How Stress Could Be Making You Fat, Tired, And Sick

You may have heard the rumors about cortisol. It’s the stress hormone and, because of that, it often gets a bad rap. The reality, however, is that cortisol is simply trying to help.

Produced by the adrenal glands, cortisol is the body’s natural anti-inflammatory, making it critical to your survival and protecting you from the effects of stress. When you’re stressed, cortisol rises because it senses that the body is in crisis.

Unfortunately, our bodies haven’t evolved much over the millennia, so cortisol has no idea that you’re planning your wedding, perfecting a presentation, or arguing with your kids rather than running from a predator or trying to survive a famine.

When your body thinks it’s in a state of emergency, it’s cortisol’s job to make sure you don’t starve to death in the process. To do that, cortisol prompts the body to divert resources away from functions like metabolism and weight loss.

The thyroid enters stage left

This is the point in the story where we introduce another organ into the mix: the thyroid. Your thyroid makes a storage form of thyroid hormone called T4. Your body, on the other hand, can only use the thyroid hormone T3, so it needs to convert T4 into the free, unbound form of T3.

This conversion happens mainly in the liver and kidneys, and once it occurs, free T3 goes to work fitting into different receptors that cause positive metabolic reactions.

Unfortunately, in many people, this thyroid symphony is out of tune. Sometimes, the thyroid isn’t making enough T4, or the conversion from T4 to T3 simply isn’t happening. There are a number of factors as to why things don’t work correctly, but some of the most common ones include a lack of protein or iodine, an overworked liver, a nutrient deficiency, gut dysbiosis, or chronic infections like Lyme Disease or Epstein-Barr.

One of these things is not like the other

Stress is also a huge contributor as to why this thyroid cascade isn’t performing optimally. In the stress scenario, our friend cortisol makes its heroic appearance. Remember that cortisol is one of the hormones responsible for making sure you don’t die during crisis, so it begins encouraging the body to turn T4 into something called reverse T3.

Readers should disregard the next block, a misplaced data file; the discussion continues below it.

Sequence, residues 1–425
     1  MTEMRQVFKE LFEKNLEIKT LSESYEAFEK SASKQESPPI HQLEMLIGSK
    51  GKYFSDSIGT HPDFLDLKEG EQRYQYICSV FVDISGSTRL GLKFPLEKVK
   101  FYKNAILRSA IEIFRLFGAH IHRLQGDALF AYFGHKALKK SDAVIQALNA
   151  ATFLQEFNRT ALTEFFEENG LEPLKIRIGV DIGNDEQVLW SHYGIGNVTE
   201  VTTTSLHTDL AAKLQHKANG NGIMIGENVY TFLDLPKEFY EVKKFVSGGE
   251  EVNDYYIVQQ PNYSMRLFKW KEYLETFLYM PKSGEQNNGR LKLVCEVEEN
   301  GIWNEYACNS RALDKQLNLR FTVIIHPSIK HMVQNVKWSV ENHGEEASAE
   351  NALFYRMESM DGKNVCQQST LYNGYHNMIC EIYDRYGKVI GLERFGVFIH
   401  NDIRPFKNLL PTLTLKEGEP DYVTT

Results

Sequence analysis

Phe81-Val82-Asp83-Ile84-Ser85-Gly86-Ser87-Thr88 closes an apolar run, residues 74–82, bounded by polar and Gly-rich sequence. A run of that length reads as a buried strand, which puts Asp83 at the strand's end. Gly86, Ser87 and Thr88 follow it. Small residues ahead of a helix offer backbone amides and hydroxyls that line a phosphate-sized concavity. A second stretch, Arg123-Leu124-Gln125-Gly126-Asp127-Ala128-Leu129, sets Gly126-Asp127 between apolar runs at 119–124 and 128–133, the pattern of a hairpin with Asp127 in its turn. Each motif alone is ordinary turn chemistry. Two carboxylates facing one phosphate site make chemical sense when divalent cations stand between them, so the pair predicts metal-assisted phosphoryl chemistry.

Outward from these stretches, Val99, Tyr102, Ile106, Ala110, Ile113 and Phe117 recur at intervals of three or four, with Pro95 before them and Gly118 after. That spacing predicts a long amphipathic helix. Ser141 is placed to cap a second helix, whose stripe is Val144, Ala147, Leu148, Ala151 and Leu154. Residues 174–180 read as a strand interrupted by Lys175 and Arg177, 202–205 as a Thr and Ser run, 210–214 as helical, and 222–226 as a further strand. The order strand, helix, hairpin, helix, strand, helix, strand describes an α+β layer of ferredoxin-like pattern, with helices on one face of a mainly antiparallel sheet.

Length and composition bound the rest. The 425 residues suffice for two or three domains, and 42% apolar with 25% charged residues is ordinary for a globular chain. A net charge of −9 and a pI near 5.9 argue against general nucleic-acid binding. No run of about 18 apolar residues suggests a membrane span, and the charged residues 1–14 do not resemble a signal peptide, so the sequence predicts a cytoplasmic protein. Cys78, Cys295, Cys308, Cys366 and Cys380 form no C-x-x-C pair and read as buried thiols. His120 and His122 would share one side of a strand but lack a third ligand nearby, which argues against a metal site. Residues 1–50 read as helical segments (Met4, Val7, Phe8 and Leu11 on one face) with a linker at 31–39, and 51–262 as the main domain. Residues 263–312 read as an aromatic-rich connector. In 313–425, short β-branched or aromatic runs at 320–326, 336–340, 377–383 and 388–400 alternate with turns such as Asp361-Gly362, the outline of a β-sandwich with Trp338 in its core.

Reverse T3 fits into the same receptors as free T3, but it doesn’t do the same job. Free T3 drives metabolism, helps you feel great, and assists in dropping extra pounds. Reverse T3 does the opposite: it tells the body to slow metabolism and hold onto fat. After all, you’ll need those fat reserves for energy because your body knows you can’t spend time eating and digesting when you’re in the throes of an emergency.

The problem is that perpetual stress ensures that reverse T3 keeps getting made while free T3 gets shunted. This relationship between cortisol and your thyroid hormones is one of the main reasons why stress can literally make you fat and miserable.

Testing your thyroid

Here’s where the plot thickens: even if you have “normal” thyroid levels based on your blood work, you could still be at risk because conventional blood work rarely tells the true thyroid tale.

Most doctors run a thyroid test that only checks the level of thyroid-stimulating hormone (TSH). This is misleading because TSH levels can look totally in range while other markers that usually don’t get tested (like free and reverse T3) can be problematic.

How does that make any sense? For one, your brain is satisfied with the level of thyroid hormones before the rest of the body, so it sends a message that there’s adequate stores of TSH, even when there’s not. Unfortunately, most traditional doctors only dig deeper into thyroid panels when TSH is off, so you’re usually not getting the full thyroid panel unless you push for it.

If you suspect an under-active thyroid, ask your doctor to run a full panel that includes TSH, free and total T4, free and reverse T3, and the common thyroid antibodies peroxidase and thyroglobulin. These antibodies can help you to identify if you’re at risk for an autoimmune thyroid condition like Hashimoto’s or Graves’ disease.

Once you get your blood work back, you can look at the ratio of reverse T3 to free T3 to see how your body is prioritizing the T4-to-T3 conversion in response to stress.

Ideally, you want your free T3 to reverse T3 ratio to be higher than two. If it’s not, you should explore ways to reduce your environmental stressors, including deep breathing, vagus nerve stimulation, meditation, yoga, and spending time in nature.

Working with a functional medicine doctor or nutritionist who can help you tailor your diet to balance or eliminate any internal stressors, identify hidden food allergies, or heal your gut can also go a long way in helping you shed weight while feeling calm, cool, and collected.

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